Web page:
|Nortel Split Multi-Link Trunking|
|SMLT mesh with nine 1Gig paths (all connections active and load balancing traffic) 9Gb/s full duplex mesh providing 18Gb/s of bandwidth between core switches.|
Link aggregation or Multi-Link Trunking (MLT) allows multiple physical network links between two network switches and another device (which could be another switch or a network device such as a server) to be treated as a single logical link and load balance the traffic across all available links. For each packet that needs to be transmitted, one of the physical links is selected based on a load-balancing algorithm (usually involving a hash function operating on the source and destination Media Access Control (MAC) address information). For real-world network traffic this generally results in an effective bandwidth for the logical link equal to the sum of the bandwidth of the individual physical links. Redundant links that were once unused due to Spanning Tree’s loop protection can now be used to their full potential.
A general limitation of standard Link aggregation or Multi-Link Trunking (MLT) or EtherChannel is that all the physical ports in the link aggregation group must reside on the same switch. The SMLT, DSMLT and RSMLT protocols remove this limitation by allowing the physical ports to be split between two switches, allowing for the creation of Active load sharing High availability network designs that meet "Five Nines" availability requirements. The SMLT protocol has been submitted to the IETF for consideration to be made into an IETF standard.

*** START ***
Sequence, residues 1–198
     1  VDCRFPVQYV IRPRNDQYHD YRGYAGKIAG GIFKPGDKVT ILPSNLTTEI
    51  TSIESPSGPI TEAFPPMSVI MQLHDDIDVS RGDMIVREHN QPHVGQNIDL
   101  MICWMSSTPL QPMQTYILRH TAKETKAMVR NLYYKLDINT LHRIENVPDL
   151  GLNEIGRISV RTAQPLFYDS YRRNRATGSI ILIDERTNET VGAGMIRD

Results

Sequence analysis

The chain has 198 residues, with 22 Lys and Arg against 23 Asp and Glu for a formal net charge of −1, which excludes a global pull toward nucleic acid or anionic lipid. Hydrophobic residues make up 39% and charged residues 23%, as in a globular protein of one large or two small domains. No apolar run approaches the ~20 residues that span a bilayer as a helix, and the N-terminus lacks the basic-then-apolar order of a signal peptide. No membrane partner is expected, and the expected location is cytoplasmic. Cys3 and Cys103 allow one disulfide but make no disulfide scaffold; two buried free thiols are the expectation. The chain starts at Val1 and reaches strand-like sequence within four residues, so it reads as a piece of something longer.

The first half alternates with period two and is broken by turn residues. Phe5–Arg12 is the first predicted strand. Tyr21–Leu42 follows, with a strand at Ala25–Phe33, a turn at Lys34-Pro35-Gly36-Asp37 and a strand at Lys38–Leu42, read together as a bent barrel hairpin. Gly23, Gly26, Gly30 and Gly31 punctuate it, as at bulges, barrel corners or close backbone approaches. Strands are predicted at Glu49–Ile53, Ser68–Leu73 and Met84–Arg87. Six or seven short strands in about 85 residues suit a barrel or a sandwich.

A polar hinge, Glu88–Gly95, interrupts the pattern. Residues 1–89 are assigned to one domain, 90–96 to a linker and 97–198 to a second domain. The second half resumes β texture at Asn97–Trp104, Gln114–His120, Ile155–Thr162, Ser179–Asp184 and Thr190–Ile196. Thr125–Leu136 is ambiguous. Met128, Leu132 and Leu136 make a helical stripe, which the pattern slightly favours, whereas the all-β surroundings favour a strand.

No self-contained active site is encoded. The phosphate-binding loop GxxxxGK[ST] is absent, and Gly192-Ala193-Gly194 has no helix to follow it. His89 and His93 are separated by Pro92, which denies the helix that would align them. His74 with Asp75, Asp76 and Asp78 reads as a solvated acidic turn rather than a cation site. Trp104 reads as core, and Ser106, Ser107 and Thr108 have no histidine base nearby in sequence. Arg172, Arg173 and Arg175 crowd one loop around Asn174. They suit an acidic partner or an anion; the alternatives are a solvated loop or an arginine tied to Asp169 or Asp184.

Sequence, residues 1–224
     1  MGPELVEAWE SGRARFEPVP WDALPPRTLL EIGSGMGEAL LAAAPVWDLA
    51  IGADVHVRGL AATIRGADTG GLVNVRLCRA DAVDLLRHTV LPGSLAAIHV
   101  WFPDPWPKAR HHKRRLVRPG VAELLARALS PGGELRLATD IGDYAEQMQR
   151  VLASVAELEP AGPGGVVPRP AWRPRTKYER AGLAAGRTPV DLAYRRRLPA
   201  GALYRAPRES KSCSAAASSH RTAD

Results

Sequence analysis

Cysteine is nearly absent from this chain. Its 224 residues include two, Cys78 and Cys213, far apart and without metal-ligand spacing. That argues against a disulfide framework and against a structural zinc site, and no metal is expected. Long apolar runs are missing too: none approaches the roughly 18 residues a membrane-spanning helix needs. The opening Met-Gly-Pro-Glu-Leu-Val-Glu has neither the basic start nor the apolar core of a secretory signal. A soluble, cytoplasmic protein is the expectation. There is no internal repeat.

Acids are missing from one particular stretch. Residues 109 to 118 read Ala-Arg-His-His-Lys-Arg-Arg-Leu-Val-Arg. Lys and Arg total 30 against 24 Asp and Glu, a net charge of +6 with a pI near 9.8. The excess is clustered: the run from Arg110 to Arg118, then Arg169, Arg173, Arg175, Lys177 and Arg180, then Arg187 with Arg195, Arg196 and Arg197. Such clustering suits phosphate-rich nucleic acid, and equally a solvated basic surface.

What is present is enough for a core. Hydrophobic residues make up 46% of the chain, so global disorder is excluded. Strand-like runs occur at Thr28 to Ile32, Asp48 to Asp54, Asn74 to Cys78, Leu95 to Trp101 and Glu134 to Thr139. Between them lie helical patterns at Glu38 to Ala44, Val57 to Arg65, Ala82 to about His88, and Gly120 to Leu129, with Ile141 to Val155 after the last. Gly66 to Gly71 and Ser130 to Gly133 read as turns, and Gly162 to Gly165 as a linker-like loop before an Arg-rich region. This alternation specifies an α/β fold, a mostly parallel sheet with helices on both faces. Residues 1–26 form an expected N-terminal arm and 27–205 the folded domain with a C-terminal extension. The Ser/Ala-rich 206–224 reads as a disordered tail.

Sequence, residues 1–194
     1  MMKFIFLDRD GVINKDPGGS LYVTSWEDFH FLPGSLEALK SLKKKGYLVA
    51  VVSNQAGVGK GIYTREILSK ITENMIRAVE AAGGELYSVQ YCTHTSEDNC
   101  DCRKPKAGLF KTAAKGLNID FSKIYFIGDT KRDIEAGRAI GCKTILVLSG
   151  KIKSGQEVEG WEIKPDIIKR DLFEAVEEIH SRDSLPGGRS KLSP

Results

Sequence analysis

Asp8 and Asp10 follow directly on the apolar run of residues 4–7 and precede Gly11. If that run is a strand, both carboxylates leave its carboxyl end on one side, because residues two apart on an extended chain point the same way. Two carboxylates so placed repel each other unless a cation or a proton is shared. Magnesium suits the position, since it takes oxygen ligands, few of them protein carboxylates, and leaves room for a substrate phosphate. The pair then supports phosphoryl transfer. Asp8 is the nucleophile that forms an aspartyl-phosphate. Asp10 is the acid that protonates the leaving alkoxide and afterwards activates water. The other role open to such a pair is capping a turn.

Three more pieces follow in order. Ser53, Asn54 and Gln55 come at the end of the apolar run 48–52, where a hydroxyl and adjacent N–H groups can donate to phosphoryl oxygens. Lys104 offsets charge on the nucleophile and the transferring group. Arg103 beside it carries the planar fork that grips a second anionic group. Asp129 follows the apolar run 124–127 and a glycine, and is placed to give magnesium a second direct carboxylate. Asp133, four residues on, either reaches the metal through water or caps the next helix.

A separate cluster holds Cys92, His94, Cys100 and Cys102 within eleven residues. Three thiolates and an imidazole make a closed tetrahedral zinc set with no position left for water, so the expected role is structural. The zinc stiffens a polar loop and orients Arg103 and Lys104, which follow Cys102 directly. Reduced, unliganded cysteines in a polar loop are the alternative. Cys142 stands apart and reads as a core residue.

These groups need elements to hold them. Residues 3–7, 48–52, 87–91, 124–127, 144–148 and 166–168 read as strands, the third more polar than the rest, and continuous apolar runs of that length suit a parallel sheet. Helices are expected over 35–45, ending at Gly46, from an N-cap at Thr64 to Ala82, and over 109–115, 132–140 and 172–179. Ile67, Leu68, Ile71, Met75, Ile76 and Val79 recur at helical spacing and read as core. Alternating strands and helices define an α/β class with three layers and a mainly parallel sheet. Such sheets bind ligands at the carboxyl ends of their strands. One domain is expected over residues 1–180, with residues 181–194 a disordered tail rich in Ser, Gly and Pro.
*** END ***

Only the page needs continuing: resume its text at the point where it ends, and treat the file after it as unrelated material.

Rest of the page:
The split may be at one or at both ends of the MLT. If both ends of the link are split, the resulting topology is referred to as an SMLT square or mesh. If only one end is split, the topology is referred to as an SMLT triangle.
In an SMLT triangle, the end of the link which is not split does not need to support SMLT. This allows non-Nortel devices including third-party switches and servers to benefit from SMLT. The only requirement is that IEEE 802.3ad static mode must be supported.
For each SMLT connection, the aggregation switches have a standard MLT or individual port with which an SMLT identifier is associated. For a given SMLT connection, the same SMLT ID must be configured on each of the peer aggregation switches.
For example, when one switch receives a response to an ARP request from an end-station on a port that is part of an SMLT, it will inform its peer switch across the IST and request the peer to update its own ARP table with a record pointing to its own connection with the corresponding SMLT ID.
In general, normal network traffic does not traverse the IST unless this is the only path to reach a host which is connected only to the peer switch. By ensuring all devices have SMLT connections to the aggregation switches, traffic never needs to traverse the IST and the total forwarding capacity of the switches in the cluster is also aggregated.
The communication between peer switches across the IST allows both unicast and multicast routing information to be exchanged allowing protocols such as Open Shortest Path First (OSPF) and Protocol Independent Multicast-Sparse Mode (PIM-SM) to operate correctly.
In a network utilising SMLT, it is often no longer necessary to run a spanning tree protocol of any kind since there are no logical bridging loops introduced by the presence of the IST. This eliminates the need for spanning tree reconvergence or root-bridge failovers in failure scenarios which causes interruptions in network traffic longer than time-sensitive applications are able to cater for.
SMLT is fully interoperable with devices supporting standard MLT (IEEE 802.3ad static mode).